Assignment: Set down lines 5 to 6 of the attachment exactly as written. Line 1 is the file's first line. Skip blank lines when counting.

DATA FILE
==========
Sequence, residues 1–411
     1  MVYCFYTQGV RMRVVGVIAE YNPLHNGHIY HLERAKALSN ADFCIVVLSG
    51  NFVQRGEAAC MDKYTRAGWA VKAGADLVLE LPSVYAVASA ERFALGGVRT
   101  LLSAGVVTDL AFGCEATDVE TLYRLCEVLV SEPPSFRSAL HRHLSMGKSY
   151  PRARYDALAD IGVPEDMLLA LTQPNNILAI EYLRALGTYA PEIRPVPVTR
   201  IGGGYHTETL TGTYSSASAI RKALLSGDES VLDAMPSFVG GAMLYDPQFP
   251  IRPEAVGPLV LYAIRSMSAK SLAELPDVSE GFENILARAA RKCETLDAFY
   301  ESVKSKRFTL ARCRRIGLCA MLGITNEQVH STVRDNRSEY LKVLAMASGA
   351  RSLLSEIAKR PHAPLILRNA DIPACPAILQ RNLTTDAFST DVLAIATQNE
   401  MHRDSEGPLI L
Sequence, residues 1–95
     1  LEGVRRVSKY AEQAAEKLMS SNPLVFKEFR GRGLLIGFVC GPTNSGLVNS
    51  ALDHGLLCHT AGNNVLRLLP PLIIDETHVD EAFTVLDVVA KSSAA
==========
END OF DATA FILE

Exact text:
   151  PRARYDALAD IGVPEDMLLA LTQPNNILAI EYLRALGTYA PEIRPVPVTR
   201  IGGGYHTETL TGTYSSASAI RKALLSGDES VLDAMPSFVG GAMLYDPQFP